Francis Marion (1732-1795)—a South Carolina native who served as a military officer in the American Revolution and who is credited as being one of the founding fathers of modern guerilla warfare—served as the namesake for the USS Francis Marion. This US Navy vessel, in commission for over 18 years, was also known as the “Swamp Fox”—the same nickname once bestowed upon the man whom she honored by name.
The USS Francis Marion was originally constructed by the New York Shipbuilding Corporation (Camden, New Jersey) as SS Prairie Mariner. Sponsored by Mrs. C. A. Wolverton, this vessel was launched on February 13, 1954. The Prairie Mariner was operated by the Maritime Administration from the time of her delivery on May 25th until her entrance into the National Defense Reserve Fleet on January 6, 1955.
Upon the acquisition of the SS Prairie Mariner by the US Navy on March 16, 1959, the Bethlehem Steel Company (Baltimore, Maryland) took charge of her conversion as she was renamed and reclassified as the USS Francis Marion (APA-249)—a Paul Revere-class attack transport vessel. The new USS Francis Marion was commissioned on July 6, 1961 at which time Captain David S. Bill, Jr. assumed command of her complement of 414 men.
Powered by two Babcock and Wilcox boilers, one geared turbine, and a single propeller, the 563 foot, six-inch Francis Marion displaced 16,828 tons and reached speeds of up to 20 knots. She was armed with four twin mount, three-inch, 50-caliber guns.
The USS Francis Marion was homeported in Norfolk, Virginia at the onset of her career. As a member of the US Atlantic Fleet she conducted numerous deployments to the Mediterranean, North Atlantic, and the Caribbean throughout the years ranging from 1961 to 1968. Her most notable missions included her participation in the Cuban Missile Crisis as part of the US Navy’s blockade of Cuba (October-November of 1962) and her service as the second-line recovery ship in support of the Apollo 8 lunar mission (December 1968).
January 1, 1969 marked Francis Marion’s redesignation as an Amphibious Transport—LPA-249. In this capacity she performed amphibious exercises, mainly in the Mediterranean and the Caribbean, through the year 1975.
November 1975 brought about yet another change in the operating function of Francis Marion as she was called upon to become a Naval Reserve Ship. After undergoing a major overhaul in Baltimore in 1976, she went on to perform a series of special operations until the year 1979 at which time she was deemed to be an unnecessary vessel by the US Navy.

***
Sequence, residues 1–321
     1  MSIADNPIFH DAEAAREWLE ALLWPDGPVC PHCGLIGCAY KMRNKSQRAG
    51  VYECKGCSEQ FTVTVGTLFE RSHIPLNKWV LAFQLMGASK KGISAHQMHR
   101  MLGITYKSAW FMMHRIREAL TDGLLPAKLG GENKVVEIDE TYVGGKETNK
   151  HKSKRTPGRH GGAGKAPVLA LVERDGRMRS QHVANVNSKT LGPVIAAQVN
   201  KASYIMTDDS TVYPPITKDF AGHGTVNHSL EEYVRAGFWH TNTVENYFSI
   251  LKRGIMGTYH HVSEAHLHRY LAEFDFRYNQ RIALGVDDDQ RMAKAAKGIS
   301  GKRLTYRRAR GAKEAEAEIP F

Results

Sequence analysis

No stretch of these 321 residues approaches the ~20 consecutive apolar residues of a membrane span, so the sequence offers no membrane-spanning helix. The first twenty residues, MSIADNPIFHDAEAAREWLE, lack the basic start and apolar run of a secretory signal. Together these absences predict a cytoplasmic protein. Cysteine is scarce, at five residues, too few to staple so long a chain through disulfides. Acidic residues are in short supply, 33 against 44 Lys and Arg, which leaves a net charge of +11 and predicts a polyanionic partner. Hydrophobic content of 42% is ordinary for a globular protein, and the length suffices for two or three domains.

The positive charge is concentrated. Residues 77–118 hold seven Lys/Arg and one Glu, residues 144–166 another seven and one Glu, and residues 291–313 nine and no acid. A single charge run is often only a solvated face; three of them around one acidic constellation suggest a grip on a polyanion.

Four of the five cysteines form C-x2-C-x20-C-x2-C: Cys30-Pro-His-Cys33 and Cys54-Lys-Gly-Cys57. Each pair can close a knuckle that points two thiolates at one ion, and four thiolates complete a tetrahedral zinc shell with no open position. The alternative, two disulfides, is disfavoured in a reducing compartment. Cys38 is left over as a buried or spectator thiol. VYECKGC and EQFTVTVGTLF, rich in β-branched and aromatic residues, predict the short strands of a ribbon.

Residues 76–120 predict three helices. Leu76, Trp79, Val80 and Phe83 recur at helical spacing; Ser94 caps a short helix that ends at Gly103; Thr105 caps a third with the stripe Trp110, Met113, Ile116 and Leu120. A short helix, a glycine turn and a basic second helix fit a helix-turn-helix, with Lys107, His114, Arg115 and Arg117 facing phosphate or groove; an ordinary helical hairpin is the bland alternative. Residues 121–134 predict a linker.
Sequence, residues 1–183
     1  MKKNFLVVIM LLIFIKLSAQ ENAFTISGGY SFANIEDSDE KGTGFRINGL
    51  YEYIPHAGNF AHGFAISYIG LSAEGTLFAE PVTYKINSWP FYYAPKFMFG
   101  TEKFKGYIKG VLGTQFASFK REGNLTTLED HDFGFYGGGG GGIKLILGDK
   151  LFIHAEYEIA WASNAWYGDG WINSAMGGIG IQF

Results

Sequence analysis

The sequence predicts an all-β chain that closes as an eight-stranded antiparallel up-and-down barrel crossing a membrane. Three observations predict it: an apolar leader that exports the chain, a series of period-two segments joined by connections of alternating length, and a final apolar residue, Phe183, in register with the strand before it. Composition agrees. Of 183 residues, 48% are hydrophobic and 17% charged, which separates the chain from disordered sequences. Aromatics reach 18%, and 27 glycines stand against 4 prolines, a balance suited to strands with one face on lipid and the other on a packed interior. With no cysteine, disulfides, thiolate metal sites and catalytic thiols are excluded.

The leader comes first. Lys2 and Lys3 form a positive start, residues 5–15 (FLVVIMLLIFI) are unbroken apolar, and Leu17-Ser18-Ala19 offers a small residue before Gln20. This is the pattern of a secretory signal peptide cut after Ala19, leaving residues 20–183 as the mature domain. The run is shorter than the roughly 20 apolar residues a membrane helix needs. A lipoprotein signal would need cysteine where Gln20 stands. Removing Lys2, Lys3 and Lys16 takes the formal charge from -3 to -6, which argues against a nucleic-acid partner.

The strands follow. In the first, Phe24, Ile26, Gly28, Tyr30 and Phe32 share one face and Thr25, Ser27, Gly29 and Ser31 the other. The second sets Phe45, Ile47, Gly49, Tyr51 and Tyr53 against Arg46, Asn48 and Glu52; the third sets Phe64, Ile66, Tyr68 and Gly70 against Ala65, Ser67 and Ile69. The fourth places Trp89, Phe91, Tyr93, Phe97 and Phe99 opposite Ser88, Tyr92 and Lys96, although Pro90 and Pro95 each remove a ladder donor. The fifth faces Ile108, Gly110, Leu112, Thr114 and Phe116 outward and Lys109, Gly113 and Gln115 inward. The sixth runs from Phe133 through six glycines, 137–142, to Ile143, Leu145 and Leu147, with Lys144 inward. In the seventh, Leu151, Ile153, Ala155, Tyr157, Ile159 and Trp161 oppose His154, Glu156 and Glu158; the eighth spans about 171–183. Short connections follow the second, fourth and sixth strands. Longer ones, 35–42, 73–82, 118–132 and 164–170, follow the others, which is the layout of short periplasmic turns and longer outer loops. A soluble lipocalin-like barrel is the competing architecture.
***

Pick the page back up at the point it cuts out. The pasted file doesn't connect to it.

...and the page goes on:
Decommissioned on September 14, 1979, the USS Francis Marion was later struck from the Naval Vessel Register on January 1, 1980. She was sold to Spain on July 11, 1980 where she operated under the name Aragón (L-22) until her decommissioning in 2000.
Asbestos Risk on the USS Francis Marion (APA-249)
The US shipbuilding industry is a prime example of how the industrial application of mass amounts of asbestos severely impacted the health and well-being of numerous individuals. As early as the beginning of the 20th century, asbestos was proven by means of scientific methods to be the most effective and cost-efficient insulating material with regard to providing superior resistance to fire and high temperatures. As a result, the US Navy not only sanctioned the use of asbestos, she mandated its use in over 300 products utilized in the construction and maintenance of her ships. Historical estimates cite that during the time span of the Cold War, the industrial use of asbestos in the United States peaked at 1,589 million pounds. The US shipbuilding industry was well-known to be a primary consumer of this naturally-occurring mineral.
The extensive use of asbestos aboard vessels such as the USS Francis Marion, in particular from the 1920s through the 1980s, has led us to where we are today in terms of the lasting effects of what we now know to be a carcinogenic substance: witness to nearly 10,000 deaths per year that have been directly linked to past exposure to asbestos.
Lung cancer, mesothelioma, asbestosis, and gastrointestinal cancer—these are the diseases that have been medically proven to result from the inhalation and/or ingestion of asbestos fibers. Asbestos poses its greatest risk to humans when its particles become airborne and are released into the surrounding environment. This often occurs as either a result of human interaction when products containing asbestos are repaired or demolished or as a natural occurrence as asbestos products age and begin to break down. Once inside the human body, asbestos fibers immediately attach to the inner linings (membranes) of the heart, lungs, and abdomen. As time progresses, these fibers give way to scarring, inflammation, and in some individuals, the mutation of once-healthy cells into cancerous cells.
An important fact to consider with regard to asbestos is that even short-term exposure can lead to the development of mesothelioma—a fatal disease with no cure currently available. Scientific cases have cited a diagnosis of mesothelioma in individuals who have reported as little as three-months of asbestos exposure.
A common characteristic of asbestos-related diseases is an extended latency period. Simply put, symptoms indicative of a pending asbestos-related illness may not present in an individual for up to as many as 20 to 50 years. If you believe your service aboard the USS Francis Marion (or a similar US Navy vessel) or your employment in the US shipbuilding industry has placed you in contact with asbestos and you have been diagnosed with meothelioma, please fill out the form on this page to request a free information packet.Sources
Wikipedia–USS Francis Marion (APA-249)
NavSource Online: Submarine Photo Archive